On the eve of his first policy convention as Conservative leader, Pierre Poilievre reminded Canadians that he is not bound by the policy ideas the grassroots membership chooses to advance.
Conservatives are gathering in Quebec City beginning Thursday for a convention to talk about what they can do to win the next federal election and debate more than two dozen policy ideas found in resolutions put forward by party members.
Many of the ideas championed by different riding associations fall in line with Poilievre’s own priorities, such as bolstering public safety, making housing more affordable and speeding up credential recognition for skilled immigrants.
Some others, however, appear to go farther than his own stated agenda, including a pitch to pull government funding from the Crown corporation that runs not just the English-language CBC, but also the French-language Radio-Canada. The Canadian Broadcasting Corp. receives about $1.2 billion in annual funding through Parliament.
It’s an idea that is widely popular among the Conservative base, heavily concentrated in Western Canada, but one that those in the party, particularly in Quebec, treat with more caution.
Another policy proposal getting attention ahead of the convention suggests that a Conservative government prohibit “life-altering medicinal or surgical interventions” related to gender for anyone under 18 years old.
On Wednesday, Poilievre said he will not comment on any policy resolution until after members cast their votes, but he also said there is nothing to force a party leader to implement or follow any of the resolutions, even if they pass.
“There’s something like 55 different resolutions, I’m not going to sit here and offer opinions on all 55 of them before they pass because that would be an unnecessary waste of time,” he said Wednesday in Quebec City.
“Leaders are never bound by convention resolutions, but we do take them into consideration.”
That consideration would be for whatever promises Poilievre plans to take to voters whenever the next federal election rolls around. That vote must take place before October 2025, but the Liberals are governing with a minority, so they must rely on support from at least a dozen opposition MPs to remain in power.
That support currently comes from the New Democrats, who agreed to support the Liberals through key votes in the House of Commons until 2025 in exchange for action on top priorities outlined in a confidence-and-supply agreement last year.
Poilievre has previously pledged to “defund the CBC” should he become prime minister, but has hinted that making good on that promise would involve exceptions for Radio-Canada.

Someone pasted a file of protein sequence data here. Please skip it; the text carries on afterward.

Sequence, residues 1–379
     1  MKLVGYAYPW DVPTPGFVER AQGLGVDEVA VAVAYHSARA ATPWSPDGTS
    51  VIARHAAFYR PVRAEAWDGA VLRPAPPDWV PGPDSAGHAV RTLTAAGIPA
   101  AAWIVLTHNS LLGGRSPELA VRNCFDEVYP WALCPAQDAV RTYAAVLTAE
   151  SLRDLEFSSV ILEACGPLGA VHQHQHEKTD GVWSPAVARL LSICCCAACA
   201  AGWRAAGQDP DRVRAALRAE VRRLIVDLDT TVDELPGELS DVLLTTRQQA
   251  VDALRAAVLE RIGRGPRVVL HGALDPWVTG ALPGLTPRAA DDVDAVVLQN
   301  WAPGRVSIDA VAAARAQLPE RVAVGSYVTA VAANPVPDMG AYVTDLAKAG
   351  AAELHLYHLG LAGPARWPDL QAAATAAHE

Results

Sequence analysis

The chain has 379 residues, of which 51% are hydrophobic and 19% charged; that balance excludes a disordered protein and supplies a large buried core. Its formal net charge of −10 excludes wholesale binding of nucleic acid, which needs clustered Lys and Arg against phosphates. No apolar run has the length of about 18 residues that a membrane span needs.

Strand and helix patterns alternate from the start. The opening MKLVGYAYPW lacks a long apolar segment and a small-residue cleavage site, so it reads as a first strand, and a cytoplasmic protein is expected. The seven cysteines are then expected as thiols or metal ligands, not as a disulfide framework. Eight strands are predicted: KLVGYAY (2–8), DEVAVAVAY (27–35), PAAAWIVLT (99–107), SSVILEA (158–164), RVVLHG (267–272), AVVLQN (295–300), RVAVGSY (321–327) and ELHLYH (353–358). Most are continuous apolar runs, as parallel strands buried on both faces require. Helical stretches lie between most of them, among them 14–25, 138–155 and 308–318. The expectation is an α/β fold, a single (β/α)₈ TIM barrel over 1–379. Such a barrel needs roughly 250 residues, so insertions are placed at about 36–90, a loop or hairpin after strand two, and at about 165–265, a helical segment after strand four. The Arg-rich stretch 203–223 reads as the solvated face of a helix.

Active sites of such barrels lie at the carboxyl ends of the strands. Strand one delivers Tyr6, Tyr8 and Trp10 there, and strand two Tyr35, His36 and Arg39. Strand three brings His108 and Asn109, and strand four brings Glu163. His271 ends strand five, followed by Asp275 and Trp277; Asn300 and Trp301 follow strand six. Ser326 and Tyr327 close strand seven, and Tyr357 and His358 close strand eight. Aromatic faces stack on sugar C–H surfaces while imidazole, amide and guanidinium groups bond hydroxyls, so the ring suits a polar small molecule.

During last year’s Conservative leadership race, Poilievre told conservative news outlet True North that he sees a role for the public broadcaster when it comes to providing programming for francophone minorities, which would apply to those living outside Quebec.
“Almost everything the CBC does can be done in the marketplace these days because of technology,” he told host Andrew Lawton at the time. “I would preserve a small amount for French-language minorities, linguistic minorities, because they, frankly, will not get news services provided by the market.”
Pierre Paul-Hus, the Quebec MP Poilievre tapped to serve on his leadership team, told reporters in April, however, that Radio-Canada provides invaluable services to Quebec, too, in addition to francophone minority communities in other provinces.
He said the party’s criticisms of the CBC does not apply to Radio-Canada and that both wings are viewed as separate entities, with the next step needing to be how to manage Radio-Canada separately.
The Crown corporation has said that is easier said than done.
Funding only Radio-Canada would require the government to rewrite the public broadcaster’s mandate, which currently stipulates it must provide services in both official languages. The corporation says changing that would run the risk of using public money to serve only one of the country’s language groups.
The Bloc Québécois has attacked Poilievre for promising to defund the CBC, accusing him of planning an assault on the culture and language of Quebec.
Poilievre, meanwhile, has ramped up his criticisms of the Bloc ahead of the Conservative convention taking place in Quebec City. The party released an ad accusing the Bloc, which only runs candidates in Quebec, of being cosy with Liberal Prime Minister Justin Trudeau and his climate policies, such as carbon pricing.
While the federal Liberals defend the national price on carbon, which comes with rebates for consumers, as a crucial, low-cost way to meet emissions-reduction targets, Poilievre paints it as a tax that burdens families struggling with increases to the cost of living.
The ad against the Bloc is part of a $3-million ad campaign the Conservatives launched earlier this summer aimed at introducing Poilievre, and the party’s message, to more Canadians.